Six BASIS.ed World Travelers From Shenzhen, to Bangkok, to New Haven

Six young scholars from BASIS International School Shenzhen will soon be enjoying a beautiful autumn… in New England.

The six continent-hopping students are actually two teams of three students each from BASIS.ed’s first international school, in Shenzhen, which begins its second academic year on August 15th. They’re New England-bound – specifically, headed to the campus of Yale University in New Haven, Connecticut – because they qualified for the 2016 World Scholar’s Cup Tournament of Champions.

The World Scholar’s Cup is an academic competition in which teams of three students compete against other teams, in four events:

  • Scholar’s Challenge (an individual 60 minute, 120 question multiple choice exam)
  • Collaborative Writing (an exercise in argumentative essay-writing in which teammates collaborate on structure, but write individual essays, with time limits)
  • Team Debate (a collaborative exercise in which pro or con arguments are delivered individually)
  • Scholar’s Bowl (a team exercise in which teammates confer to answer multiple choice questions projected onto a large screen in a theater)

Three BASIS International School Shenzhen teams competed in the World Scholars Cup Global Round at the Bangkok Convention Center from June 26-30, 2016. Two of those three teams qualified for the Tournament of Champions to be held at Yale on November 18-21, 2016. Each of the BASIS International School Shenzhen teams competed in the Junior Division, which is for 14 year-olds, and under.

The New England-bound students from our Shenzhen school are:

Team Alexandra, Faye, and Melody: Alexandra Wang (6th grade), Faye Yu (8th grade), Melody Luo (7th grade)

Team Cynthia, Helen, and Newton: Cynthia Zhao (8th grade), Helen Chen (8th grade), Newton Liu (8th grade)

Shenzhen students (1)
Shenzhen students (2)
Shenzhen students (3)

“Excitement came at certain special times,” noted 6th grader Alexandra Wang about the Bangkok, Thailand competition. “The first time you met the team you’re going to debate against; the crucial moment when the judge decided which team won; the instant you saw a question you knew how to answer; the last time you see your essay as you hand it to the proctor. Though nervous, this excitement kept the tournament fun, and gave us hope.”

Besides the competitive event, teams had a chance to hang out and meet competing students during a long list of fun events.

“We gained numerous colorful memories,” said Alexandra’s teammate, 7th grader Melody Luo. “We feel a strong sense of pride for getting into the Yale round, and it feels good that we’re bringing honor to BASIS.ed! But the most important thing is that we, as a team, persevered. That feeling alone gave us a sense of achievement that will last forever.”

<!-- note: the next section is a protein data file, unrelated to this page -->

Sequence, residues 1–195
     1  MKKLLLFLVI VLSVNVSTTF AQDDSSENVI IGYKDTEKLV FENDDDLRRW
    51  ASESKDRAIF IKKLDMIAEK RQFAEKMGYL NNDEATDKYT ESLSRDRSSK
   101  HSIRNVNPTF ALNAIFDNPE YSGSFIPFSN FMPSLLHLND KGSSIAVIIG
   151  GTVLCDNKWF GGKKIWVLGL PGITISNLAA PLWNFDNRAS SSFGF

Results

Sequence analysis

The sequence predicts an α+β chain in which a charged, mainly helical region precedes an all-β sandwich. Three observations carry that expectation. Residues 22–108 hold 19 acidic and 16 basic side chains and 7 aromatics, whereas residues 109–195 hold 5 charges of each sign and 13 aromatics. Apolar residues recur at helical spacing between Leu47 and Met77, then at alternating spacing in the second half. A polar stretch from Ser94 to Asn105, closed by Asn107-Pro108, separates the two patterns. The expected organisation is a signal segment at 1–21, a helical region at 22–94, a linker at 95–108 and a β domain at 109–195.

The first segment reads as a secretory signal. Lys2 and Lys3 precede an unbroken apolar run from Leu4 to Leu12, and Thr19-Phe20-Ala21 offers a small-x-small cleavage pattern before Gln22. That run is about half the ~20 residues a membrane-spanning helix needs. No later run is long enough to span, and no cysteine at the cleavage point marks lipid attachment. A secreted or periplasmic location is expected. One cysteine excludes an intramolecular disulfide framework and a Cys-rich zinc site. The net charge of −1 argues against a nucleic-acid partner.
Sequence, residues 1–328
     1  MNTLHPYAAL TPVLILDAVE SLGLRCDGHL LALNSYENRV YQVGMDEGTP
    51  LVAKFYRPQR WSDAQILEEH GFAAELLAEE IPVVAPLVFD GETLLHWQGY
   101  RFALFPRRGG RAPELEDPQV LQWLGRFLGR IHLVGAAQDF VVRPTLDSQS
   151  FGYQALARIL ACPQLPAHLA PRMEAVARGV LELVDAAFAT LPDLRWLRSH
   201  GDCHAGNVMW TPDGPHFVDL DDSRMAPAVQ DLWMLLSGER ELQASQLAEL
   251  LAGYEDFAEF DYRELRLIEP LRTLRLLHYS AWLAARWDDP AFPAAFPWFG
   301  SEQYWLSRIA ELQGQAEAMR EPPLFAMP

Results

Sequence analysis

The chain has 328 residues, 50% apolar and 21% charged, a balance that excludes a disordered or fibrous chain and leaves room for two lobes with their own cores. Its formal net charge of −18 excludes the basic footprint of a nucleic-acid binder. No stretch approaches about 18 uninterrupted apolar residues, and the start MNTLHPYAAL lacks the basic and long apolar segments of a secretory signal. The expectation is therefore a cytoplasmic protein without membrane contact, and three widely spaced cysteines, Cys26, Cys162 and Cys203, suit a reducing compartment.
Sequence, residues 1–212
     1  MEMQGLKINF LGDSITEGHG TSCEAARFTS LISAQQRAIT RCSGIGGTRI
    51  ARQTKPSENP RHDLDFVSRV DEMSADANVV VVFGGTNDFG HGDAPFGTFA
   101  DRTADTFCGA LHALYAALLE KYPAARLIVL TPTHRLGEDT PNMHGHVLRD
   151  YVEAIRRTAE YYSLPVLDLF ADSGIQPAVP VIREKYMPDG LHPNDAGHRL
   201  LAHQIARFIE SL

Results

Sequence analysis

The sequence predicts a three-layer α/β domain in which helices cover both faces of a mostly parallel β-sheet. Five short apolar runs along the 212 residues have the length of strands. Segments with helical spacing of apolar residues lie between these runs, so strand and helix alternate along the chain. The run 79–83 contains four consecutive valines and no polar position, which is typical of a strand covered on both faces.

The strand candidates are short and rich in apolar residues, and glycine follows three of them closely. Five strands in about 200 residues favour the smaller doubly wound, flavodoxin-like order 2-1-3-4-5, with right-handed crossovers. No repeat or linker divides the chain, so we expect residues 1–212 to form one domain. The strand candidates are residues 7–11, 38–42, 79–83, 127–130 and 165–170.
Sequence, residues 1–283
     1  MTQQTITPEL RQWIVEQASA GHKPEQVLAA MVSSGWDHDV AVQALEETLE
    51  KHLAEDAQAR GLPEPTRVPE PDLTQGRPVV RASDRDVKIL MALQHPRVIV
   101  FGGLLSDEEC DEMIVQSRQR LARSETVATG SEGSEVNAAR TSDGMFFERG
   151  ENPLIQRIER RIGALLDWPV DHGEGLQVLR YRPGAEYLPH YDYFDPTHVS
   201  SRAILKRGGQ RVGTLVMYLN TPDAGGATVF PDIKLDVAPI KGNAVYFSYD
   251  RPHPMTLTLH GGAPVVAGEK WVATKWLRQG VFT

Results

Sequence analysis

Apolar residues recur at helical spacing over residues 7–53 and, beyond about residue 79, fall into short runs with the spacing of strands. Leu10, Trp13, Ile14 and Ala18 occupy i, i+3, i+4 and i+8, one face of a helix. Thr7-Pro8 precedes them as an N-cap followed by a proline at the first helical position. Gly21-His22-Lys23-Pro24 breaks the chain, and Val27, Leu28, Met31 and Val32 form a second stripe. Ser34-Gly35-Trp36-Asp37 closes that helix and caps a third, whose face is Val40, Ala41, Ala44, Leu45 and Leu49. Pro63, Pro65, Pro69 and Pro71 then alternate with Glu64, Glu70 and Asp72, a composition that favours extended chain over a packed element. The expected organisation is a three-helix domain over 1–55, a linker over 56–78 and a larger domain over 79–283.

The teams were coached by BASIS International School Shenzhen English teacher Kate Davis, and math and economics teacher Osama Omer. Steven Howard, a 4th Grade Learnng Expert Teacher, and Xinglin Lii, a 3rd Grade LET, gamely served as chaperones for the Bangkok trip.

Any team is allowed to enter at the local level, and local level competitions are held worldwide, including in the United States.

“We entered the Shenzhen local competition and it consisted of more than 20 schools from Shenzhen, Hong Kong and the surrounding area,” says BASIS International School Shenzhen’s Rachel Zanardi. “We entered five teams into the 6th-8th grade junior division. All five of our teams qualified for the Global Round in Bangkok! However, only three could attend due to summer scheduling conflicts. And two of them are heading to Yale! Congratulations also to Team Charles, Oliver, and Steven, for making it to Bangkok!”

Each year, the World Scholar’s Cup is comprised of a theme. The theme in 2016 is “An Imperfect World”.

But the mission and vision of the World Scholar’s Cup is quite the opposite of “imperfection”. Since the WSC was founded in 2006, its goals have been “to motivate students of all backgrounds to discover new strengths and practice new skills” – as well as “to inspire a global community of future scholars and leaders.” The competitions, as well, foster an atmosphere of respect, collaboration, and learning.

For six BASIS International School Shenzhen students, and their many supporters in China and across the BASIS.ed network, the WSC seems to have done just that. Best of luck to our Shenzhen World Scholar’s Cup teams – who we hope can squeeze in some luxurious New England autumn-enjoying in between their scholarly endeavors. Bon voyage!

Phil Handler

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